Because chemo treatments and “medications” are so toxic, we were no strangers to neutropenia with Natalie as unfortunately this happens often and regularly to kids in round the clock treatment for cancer. Anyway, having found that out, Natalie was admitted into the hospital where we stayed for about a week. Honestly though, at that point we were a good four months into her maintenance treatment (meaning monthly IV chemo rather then harsh weekly chemos as in the first ten months) and while no parent wants to be in the hospital with their child, or see them in any discomfort or pain…we hadn’t had to be there with Natalie for nearly six months, so we were grateful that she had had such a “healthy” run of treatment….and touch wood, we haven’t had to be admitted for ANYTHING since!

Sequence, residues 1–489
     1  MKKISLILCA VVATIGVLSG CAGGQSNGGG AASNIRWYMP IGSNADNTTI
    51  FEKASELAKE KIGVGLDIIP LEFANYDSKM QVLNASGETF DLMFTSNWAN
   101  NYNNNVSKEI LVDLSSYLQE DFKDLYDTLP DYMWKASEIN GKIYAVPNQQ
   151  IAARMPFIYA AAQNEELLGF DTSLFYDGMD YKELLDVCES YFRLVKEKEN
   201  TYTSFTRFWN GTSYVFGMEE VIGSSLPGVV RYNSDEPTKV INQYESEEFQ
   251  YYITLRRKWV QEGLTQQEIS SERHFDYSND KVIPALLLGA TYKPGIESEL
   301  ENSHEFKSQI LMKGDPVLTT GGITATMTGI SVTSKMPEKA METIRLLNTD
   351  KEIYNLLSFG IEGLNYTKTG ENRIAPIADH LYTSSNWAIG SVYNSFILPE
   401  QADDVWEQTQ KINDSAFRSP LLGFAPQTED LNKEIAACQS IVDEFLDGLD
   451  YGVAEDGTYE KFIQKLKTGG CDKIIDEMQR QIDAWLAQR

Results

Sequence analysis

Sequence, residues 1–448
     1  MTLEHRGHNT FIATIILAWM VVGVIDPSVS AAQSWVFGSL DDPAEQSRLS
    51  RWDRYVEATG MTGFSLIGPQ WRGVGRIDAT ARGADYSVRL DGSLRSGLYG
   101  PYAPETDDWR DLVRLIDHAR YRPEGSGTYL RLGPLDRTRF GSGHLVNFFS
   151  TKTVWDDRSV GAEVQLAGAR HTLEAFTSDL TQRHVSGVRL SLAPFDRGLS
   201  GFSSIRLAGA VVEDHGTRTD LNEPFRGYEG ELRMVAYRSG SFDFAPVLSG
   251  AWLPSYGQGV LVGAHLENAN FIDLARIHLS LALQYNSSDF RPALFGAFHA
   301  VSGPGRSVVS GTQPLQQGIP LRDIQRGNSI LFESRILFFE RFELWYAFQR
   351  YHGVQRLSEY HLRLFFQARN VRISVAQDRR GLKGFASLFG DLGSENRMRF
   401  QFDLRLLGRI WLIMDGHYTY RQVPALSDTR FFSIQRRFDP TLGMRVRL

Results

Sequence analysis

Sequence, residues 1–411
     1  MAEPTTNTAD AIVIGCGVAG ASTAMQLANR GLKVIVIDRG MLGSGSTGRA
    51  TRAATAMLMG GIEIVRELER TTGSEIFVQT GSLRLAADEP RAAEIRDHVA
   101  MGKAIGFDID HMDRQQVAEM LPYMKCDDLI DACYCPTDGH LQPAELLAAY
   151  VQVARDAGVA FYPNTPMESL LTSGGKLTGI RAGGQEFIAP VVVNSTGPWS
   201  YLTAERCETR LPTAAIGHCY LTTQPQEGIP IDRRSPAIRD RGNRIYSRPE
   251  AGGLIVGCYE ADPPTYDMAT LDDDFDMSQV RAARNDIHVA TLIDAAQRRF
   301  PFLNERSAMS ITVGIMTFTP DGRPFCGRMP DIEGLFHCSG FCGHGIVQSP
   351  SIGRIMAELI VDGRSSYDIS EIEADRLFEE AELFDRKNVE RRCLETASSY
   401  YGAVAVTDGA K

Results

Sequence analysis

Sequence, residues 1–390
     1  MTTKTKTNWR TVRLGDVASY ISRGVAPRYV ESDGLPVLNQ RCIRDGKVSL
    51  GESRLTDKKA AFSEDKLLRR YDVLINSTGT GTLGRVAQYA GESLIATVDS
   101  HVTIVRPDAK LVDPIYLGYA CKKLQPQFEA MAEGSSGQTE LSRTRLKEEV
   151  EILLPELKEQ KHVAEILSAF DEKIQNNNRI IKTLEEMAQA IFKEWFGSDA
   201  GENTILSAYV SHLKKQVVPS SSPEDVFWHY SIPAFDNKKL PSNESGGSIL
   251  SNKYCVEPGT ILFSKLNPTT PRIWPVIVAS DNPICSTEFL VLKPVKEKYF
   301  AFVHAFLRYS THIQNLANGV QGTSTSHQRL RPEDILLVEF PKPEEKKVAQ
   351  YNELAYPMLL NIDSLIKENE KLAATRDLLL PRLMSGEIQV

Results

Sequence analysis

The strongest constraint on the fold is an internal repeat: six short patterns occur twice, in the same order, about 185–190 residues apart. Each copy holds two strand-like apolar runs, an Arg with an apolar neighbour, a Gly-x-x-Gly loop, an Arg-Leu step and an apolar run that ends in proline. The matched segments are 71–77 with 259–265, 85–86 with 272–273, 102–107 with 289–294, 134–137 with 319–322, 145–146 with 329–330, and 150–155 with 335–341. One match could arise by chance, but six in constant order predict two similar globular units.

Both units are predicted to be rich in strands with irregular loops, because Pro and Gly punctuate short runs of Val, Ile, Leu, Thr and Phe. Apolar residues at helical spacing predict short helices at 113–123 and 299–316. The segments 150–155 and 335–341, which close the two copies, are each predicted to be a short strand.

Natalie felt pretty crappy much of that week, however because of where she was in treatment, her numbers rebounded quickly and the day before we were released she perked up big time. On this particular day there was about an hour or so where Natalie didn’t have to be hooked up to anything! That’s pretty unheard of when you’re in the hospital, in the least there’s usually a steady bag of fluids going. Anyway, Natalie had complete freedom for that hour (meaning no lines connected to her IV), so my girlie wanted to utilize that freedom and stroll about her room without having to drag around an IV pole. At that point I picked up my camera and just started following her around snapping photos as she went. As odd as this might sound, it was pretty great because Natalie and I didn’t say a word to each other the entire time, I was merely an observer as she did her thing. She never told me to stop taking photos, nor did she “act” for the camera…it’s as if I wasn’t even there and Natalie was simply enjoying some quiet time alone.